Syria - A military intervention will not achieve anything
"A military intervention will not achieve anything. Each of the parties involved must understand that the crisis will not be resolved in the way it desires. All are losers and no one is victor, and will never be."
These were the words of Father Nawras Sammour, responsible for the Middle East and North Africa in the Jesuits’ Refugees Service, when he condemned a possible military action in Syria.
Father Sammour made his comments while speaking with Catholic charity Aid to the Church in Need (ACN).
The priest, born in Aleppo, said that “an attack could lead indisputably to an increase in violence: a terrible escalation which will compel its extension to neighboring countries, contaminating the whole Middle Eastern region.”
The Jesuit finds the crisis too complex to be resolved by a military operation, of which no one can foresee the long term results.
Meanwhile, in the Syrian capital, often deprived of electricity, Father Sammour described how “all live in expectation, although life continues in general as before the threat of war.”
He continued by say that while there is no unanimous opinion on the eventuality of an intervention, many have begun to store food, and, in the last two weeks, those that had the possibility have left the country.
“Those, like me, who wish instead to stay in Syria, avoid going abroad for fear of being blocked, given the hostilities. Together with some brothers we have just canceled a trip to Lebanon precisely for this reason,” he said.
The Jesuits are helping more than 17,000 Syrian families, 80% of which are Muslim.
The priest said that Pope Francis words are of great comfort for Christians. “The Holy Father’s appeal was excellent,” said Father Sammour, stating that also in Syria many will take part in the day of fasting called by the Pontiff for September 7.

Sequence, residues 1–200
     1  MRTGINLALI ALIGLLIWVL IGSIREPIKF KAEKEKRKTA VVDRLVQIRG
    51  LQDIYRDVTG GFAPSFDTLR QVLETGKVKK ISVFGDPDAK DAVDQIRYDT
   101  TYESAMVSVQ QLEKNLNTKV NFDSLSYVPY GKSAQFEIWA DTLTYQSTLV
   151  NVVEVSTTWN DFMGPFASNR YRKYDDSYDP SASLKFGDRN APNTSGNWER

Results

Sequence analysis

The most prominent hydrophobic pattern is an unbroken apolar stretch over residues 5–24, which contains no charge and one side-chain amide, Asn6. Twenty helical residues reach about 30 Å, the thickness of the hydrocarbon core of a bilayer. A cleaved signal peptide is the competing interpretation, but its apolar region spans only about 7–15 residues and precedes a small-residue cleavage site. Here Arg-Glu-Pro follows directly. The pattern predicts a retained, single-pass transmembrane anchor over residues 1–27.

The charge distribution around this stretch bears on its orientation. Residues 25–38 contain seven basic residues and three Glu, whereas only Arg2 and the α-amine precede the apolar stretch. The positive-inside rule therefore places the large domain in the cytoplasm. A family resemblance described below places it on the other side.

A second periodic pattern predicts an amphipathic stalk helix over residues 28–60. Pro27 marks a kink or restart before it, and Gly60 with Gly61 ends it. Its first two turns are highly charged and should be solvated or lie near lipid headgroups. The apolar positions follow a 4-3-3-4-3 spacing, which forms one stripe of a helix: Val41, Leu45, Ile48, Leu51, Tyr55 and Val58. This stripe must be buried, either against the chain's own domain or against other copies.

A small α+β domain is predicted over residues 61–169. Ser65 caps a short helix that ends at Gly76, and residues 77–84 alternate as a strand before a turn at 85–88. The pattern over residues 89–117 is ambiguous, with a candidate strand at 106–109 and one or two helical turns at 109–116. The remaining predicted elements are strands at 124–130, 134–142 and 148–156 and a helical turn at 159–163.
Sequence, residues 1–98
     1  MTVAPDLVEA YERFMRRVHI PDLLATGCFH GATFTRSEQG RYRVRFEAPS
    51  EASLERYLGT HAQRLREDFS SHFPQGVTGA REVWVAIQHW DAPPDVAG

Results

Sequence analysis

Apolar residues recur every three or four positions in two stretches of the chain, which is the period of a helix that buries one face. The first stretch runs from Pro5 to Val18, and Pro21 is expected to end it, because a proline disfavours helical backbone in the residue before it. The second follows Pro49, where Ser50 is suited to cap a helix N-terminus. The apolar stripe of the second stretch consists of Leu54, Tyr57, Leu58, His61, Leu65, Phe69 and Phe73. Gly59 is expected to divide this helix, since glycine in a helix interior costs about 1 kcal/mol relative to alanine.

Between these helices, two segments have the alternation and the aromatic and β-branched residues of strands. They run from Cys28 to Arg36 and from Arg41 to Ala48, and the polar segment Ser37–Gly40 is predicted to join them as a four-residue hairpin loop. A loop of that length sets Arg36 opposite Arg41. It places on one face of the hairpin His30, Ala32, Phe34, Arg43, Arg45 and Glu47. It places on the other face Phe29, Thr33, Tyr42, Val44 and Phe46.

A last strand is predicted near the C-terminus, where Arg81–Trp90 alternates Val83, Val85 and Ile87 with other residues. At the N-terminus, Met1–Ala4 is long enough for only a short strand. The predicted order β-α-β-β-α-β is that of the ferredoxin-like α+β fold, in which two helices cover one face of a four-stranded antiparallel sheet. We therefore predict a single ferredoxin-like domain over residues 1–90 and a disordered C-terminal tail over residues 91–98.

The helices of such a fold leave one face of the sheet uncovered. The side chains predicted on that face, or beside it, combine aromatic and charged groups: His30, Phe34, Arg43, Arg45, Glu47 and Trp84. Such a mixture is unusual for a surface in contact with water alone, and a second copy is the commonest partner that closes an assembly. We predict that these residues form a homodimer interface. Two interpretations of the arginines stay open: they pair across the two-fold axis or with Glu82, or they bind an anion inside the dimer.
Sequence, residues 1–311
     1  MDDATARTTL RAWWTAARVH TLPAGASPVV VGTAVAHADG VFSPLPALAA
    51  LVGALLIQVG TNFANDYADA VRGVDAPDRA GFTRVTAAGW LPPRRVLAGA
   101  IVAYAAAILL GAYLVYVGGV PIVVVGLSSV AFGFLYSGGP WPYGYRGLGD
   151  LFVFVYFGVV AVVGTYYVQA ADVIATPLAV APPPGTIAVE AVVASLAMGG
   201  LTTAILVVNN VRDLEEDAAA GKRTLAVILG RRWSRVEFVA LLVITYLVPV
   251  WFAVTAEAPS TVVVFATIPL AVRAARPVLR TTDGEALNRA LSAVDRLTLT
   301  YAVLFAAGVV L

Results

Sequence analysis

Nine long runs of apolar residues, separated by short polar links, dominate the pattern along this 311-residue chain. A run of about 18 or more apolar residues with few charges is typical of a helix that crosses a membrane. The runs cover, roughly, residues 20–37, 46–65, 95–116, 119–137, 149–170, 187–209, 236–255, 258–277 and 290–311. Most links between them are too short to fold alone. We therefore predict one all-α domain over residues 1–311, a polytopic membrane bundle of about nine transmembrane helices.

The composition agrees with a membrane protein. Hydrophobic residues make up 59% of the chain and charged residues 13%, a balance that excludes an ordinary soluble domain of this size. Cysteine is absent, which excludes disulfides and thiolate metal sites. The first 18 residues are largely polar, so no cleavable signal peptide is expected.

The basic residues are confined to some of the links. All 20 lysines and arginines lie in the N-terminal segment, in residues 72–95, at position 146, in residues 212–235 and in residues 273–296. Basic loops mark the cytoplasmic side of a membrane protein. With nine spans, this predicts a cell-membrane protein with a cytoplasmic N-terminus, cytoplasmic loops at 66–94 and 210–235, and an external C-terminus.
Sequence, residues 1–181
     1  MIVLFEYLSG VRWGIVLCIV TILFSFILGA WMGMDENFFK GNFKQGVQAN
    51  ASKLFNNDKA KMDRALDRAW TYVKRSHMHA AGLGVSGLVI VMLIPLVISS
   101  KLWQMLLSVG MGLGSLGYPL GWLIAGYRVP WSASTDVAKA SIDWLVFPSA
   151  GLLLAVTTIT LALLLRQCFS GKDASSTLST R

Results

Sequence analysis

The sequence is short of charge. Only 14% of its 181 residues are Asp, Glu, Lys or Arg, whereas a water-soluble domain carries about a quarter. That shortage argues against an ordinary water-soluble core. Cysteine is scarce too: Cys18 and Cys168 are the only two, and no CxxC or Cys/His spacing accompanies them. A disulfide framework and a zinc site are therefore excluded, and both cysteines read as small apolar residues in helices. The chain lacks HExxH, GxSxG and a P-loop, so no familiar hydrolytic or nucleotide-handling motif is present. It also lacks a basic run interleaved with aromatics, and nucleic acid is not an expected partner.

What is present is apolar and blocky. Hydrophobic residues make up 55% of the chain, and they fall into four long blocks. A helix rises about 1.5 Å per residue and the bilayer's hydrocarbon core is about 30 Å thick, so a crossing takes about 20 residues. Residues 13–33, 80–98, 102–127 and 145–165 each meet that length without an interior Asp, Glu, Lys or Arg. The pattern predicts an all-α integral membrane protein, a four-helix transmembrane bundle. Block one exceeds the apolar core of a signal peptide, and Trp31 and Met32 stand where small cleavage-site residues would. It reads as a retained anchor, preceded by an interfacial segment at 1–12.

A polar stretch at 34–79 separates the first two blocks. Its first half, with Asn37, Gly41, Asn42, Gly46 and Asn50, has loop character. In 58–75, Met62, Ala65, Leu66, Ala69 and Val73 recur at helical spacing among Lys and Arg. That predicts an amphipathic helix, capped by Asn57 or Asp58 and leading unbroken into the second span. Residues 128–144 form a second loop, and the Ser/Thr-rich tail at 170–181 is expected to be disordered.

In the Jesuits’ House in Damascus, the day will begin with Vespers tomorrow evening. “Now more than ever we are in need of prayer,” added the religious, praising the many initiatives of the universal Church to promote peace.
The Pope’s words were not only appreciated by the Christian community. The Grand Mufti of Syria, Ahmad Badreddin Hassou, expressed the hope of being able to pray next Saturday in Saint Peter’s Square.
“Pope Francis’ language included anyone who supports the values of peace and integration and, fortunately, many Syrians love and respect their fellow nationals, of whatever creed or social extraction, notwithstanding the information spread by the media that lead one to believe the opposite,” said Fr. Sammour.
He criticized the media for “always hunting extremists,” and opposed to this the beautiful work of the Church, which tries to give voice to the desire for unity of the “silent majority” of the nation.
While waiting to see what will happen in the next few days, Father Sammour asks the international community to look at his country with less superficiality.
“Syria isn’t a map on Google earth. It’s not a territory to invade or liberate. It’s not merely a place but a wonderful mosaic. Syria is first of all an ensemble of people: the Syrians. And I hope that this will finally be taken into consideration.”